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Author here. Fair points. These are all my personal views and understandably not everyone agrees.

Subverting browser behavior happens frequently and can be a positive thing. Lightboxes achieve a UX experience that bouncing someone elsewhere does not.

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I agree with your above comments except "> via overlay boxes - I don't even." - Why are light boxes bad?

I personally agree with using light boxes, IF they are done right. If the connection speed and browser can easily handle it, why not? But still always having the permalink "/sign-up" (or whatever it is) so you can link to it.

Can you provide more insight on why you are against that? Just curious if I missed the boat on people hating light boxes now? haha

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Lightboxes are a dishonest metaphor for popups.

There's usually no indication within the content that what you're clicking on, usually a link, is in fact not going to take you to a separate URL where you can complete your business, which is conventional, but it in fact going to change your visual experience by [poorly] applying an opaque [non-universal] overlay to your content and present you with a form, content, media in a format that is completely unnecessary to the experience. In the case of the author's preferred third-party plugin, it adds an additional four steps to your experience: 1) activate overlay, 2) resize viewport to content, 3) present content, 4) user-activate close button.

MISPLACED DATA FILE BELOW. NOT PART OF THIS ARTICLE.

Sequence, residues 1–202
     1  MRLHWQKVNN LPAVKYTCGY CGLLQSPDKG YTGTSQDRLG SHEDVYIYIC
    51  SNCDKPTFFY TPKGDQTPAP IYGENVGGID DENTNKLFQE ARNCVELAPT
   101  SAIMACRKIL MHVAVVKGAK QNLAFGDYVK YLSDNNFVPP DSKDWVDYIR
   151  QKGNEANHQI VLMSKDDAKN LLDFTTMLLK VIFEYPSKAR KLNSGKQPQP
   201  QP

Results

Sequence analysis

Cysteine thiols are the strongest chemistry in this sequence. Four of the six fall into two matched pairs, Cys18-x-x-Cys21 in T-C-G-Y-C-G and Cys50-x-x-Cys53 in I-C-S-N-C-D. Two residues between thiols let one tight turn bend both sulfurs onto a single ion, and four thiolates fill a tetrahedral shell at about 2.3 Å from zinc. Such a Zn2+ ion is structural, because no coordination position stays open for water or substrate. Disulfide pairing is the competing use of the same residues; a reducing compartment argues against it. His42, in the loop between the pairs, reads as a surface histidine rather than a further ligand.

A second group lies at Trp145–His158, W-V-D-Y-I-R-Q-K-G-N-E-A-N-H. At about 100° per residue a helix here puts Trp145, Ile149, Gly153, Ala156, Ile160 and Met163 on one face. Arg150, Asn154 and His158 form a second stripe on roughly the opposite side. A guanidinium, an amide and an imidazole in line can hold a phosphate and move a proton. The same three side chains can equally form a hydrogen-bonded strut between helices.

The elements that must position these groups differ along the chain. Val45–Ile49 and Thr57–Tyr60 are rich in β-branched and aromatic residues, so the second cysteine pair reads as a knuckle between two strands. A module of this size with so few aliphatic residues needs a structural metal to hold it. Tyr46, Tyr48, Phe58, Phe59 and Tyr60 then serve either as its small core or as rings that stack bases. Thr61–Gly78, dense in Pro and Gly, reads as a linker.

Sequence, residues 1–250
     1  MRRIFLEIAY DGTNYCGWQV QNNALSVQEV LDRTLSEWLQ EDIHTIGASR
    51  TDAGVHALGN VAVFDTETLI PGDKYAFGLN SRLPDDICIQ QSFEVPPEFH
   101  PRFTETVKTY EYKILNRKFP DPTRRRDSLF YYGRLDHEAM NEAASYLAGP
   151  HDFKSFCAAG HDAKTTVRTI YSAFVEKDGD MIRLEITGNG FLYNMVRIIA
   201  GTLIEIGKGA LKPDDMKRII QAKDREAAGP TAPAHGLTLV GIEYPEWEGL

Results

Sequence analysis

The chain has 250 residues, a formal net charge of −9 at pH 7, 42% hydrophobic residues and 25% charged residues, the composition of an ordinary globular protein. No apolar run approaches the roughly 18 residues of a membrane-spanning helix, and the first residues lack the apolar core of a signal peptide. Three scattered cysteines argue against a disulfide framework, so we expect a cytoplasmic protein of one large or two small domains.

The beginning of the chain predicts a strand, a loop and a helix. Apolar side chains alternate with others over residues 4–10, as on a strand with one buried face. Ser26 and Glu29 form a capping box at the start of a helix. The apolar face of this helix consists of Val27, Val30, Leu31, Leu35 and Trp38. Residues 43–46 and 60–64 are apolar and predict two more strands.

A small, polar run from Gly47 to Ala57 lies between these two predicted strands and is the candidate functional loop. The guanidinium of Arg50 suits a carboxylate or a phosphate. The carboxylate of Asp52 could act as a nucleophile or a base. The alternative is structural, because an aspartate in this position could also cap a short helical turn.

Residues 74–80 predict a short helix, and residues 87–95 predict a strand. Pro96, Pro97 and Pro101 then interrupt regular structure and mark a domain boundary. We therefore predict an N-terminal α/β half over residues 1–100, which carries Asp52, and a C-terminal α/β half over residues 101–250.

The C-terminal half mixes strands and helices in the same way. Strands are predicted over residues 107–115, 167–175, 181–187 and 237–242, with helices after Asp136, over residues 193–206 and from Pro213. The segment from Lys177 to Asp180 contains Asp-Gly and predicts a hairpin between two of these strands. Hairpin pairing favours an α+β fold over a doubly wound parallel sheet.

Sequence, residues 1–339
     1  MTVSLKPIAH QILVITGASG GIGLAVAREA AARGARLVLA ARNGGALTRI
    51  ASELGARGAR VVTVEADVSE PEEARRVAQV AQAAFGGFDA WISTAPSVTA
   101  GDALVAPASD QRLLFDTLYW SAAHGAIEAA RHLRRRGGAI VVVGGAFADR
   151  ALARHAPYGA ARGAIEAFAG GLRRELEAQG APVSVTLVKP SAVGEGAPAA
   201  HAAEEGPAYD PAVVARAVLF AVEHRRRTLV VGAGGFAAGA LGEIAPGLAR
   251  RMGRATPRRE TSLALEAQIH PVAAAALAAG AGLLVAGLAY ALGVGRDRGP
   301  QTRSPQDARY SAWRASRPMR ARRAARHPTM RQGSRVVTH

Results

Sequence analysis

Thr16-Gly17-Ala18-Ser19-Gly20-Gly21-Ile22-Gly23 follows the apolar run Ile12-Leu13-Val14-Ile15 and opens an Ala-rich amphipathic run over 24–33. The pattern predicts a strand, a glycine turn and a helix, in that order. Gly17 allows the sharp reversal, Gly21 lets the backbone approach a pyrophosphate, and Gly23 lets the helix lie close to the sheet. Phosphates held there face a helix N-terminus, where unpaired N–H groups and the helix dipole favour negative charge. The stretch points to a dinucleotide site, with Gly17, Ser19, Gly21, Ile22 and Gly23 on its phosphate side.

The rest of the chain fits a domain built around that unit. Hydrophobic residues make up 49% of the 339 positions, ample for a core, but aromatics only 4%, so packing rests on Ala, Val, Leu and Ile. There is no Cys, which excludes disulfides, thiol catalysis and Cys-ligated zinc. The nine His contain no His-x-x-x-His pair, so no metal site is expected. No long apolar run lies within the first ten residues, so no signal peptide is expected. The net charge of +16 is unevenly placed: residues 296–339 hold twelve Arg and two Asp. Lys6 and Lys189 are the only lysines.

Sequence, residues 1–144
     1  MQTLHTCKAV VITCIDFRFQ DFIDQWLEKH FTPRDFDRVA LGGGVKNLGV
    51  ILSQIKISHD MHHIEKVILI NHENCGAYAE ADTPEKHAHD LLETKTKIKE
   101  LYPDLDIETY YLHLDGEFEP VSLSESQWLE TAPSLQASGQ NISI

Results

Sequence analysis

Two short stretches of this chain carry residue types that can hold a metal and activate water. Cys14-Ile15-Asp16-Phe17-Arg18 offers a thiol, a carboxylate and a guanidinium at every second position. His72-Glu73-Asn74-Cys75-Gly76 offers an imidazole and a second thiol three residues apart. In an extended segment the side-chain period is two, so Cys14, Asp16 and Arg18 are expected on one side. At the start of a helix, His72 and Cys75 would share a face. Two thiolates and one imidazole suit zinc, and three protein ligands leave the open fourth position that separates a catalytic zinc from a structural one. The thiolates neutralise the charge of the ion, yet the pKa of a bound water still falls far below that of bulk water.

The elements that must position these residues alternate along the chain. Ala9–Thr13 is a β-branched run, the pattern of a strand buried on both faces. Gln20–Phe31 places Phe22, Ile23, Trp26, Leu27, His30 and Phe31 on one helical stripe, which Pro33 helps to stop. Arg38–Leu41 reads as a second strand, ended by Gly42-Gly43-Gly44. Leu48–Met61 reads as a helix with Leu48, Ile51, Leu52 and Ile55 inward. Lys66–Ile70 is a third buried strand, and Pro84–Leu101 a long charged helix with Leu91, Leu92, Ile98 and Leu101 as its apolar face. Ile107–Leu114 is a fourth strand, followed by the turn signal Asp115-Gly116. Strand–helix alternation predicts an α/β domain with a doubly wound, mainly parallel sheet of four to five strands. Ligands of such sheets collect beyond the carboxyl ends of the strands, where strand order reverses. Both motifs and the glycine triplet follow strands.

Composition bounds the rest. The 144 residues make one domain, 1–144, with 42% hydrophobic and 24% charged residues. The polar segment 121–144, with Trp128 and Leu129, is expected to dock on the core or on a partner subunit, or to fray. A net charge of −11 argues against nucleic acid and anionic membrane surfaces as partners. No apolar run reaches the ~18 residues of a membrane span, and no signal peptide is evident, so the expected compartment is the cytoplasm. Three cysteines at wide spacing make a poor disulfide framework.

All for content that is preloaded with the page. The author seriously thinks that inconveniencing the user with added steps and amateurish functionality at the moment of conversion is a good idea, but you can browse the code over at their webpage to get a feel for what they think is acceptable advice.

The author-suggested solution takes four to five times longer without even making a server call. If that isn't ignorant, I don't know what is.

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> Wrong and poor advice to subvert browser functionality. Alert the user to which input they are currently working with. Eliminates [tiresome] user guesswork and is conventional. Also helps the visually challenged.

If look at Google.com, the outline is a single pixel color stroke that replaces the gray stroke that currently exists when it's not in use.

When you look at Facebook.com, they don't have a highlight either.

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On Facebook (not exactly a paragon of usability) it's there. Also tab around the page. Links are also highlighted in light blue.

Maybe it's my own view, but when a designer circumvents or subverts basic, conventional browser functionality it signals they don't know how to design for the web or they care more for their particular design than they do for the user's ability to process and react to the intended functionality.